This is the Dudley Observatory Skywatch Line for Wednesday, March 22nd, and Thursday, March 23rd, written by Louis Suarato.
The 31% illuminated, waning crescent Moon sets at 1:30 p.m. Wednesday in the constellation Sagittarius. The Moon rises again as a 25% illuminated crescent at 4:15 a.m. Thursday in Capricornus. Venus may be too close to the Sun to view after sunset, but you still may be able to find our closest planetary neighbor in daylight using binoculars. Be careful not to look too close to the Sun. Look for Mercury around 7:30 p.m. about 10 degrees above the western horizon. Mars shines about 20 degrees above Mercury between the constellations Cetus and Aries. Jupiter rises at 8:33 p.m. in Virgo. Jupiter’s moon Europa begins it shadow transit at 1:23 a.m. Thursday, and at 2:11 a.m., Europa transits the planet. Europa’s shadow transit ends at 3:52 a.m., and 40 minutes later, Europa exits the face of our solar system’s largest planet. Saturn rises at 2:09 a.m. in Sagittarius.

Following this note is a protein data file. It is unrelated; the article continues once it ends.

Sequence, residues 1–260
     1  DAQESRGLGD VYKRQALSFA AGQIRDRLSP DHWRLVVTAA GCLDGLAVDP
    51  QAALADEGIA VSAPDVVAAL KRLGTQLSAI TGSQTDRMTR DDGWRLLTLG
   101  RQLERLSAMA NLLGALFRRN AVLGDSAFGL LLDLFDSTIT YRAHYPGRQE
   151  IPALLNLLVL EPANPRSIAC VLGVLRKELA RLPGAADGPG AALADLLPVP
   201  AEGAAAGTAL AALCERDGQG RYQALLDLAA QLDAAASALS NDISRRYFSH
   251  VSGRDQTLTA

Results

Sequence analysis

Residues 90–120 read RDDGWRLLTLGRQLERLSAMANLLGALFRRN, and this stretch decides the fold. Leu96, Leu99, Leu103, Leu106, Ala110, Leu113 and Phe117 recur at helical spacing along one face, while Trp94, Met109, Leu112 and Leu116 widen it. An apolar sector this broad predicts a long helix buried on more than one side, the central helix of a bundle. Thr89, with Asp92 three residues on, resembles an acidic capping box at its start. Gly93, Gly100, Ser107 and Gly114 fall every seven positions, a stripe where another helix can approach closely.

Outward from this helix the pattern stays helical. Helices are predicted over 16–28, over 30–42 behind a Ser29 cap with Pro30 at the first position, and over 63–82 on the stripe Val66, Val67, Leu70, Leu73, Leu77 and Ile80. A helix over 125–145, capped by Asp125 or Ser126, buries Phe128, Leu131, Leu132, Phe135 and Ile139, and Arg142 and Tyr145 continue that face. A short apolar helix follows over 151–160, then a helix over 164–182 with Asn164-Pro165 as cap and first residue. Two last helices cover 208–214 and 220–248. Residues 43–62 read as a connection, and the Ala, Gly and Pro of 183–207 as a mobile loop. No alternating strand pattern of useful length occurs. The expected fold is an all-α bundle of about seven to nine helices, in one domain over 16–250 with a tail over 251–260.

There’s a 7th magnitude comet approaching the Big Dipper. The comet, 41P/Tuttle-Giocobini-Kresak, is traveling toward the pointer stars, or outermost stars, of the Big Dipper’s bowl. Wednesday and Thursday nights, look 5 to 7 degrees above the star Merak, which is the lower, outermost star of the Big Dipper’s bowl. Through binoculars, Comet 41P/Tuttle-Giacobini-Kresak will look like a green, fuzzy ball. This comet is approaching its closest pass to Earth, and at the end of the month will be 13.2 million miles away, the closest it’s been in a century. The comet may also reach 6th magnitude by the end of the month. Comet 41P/Tuttle-Giacobini-Kresak was first discovered by Horace Parnell Tuttle on May 3, 1858. It was rediscovered by Michael Giacobini in 1907, and by LuborKresak in 1951. Comet 41P/Tuttle-Giacobini-Kresak is a member of the Jupiter family of comets and its orbital period is estimated to be between 5.8 and 7.5 years.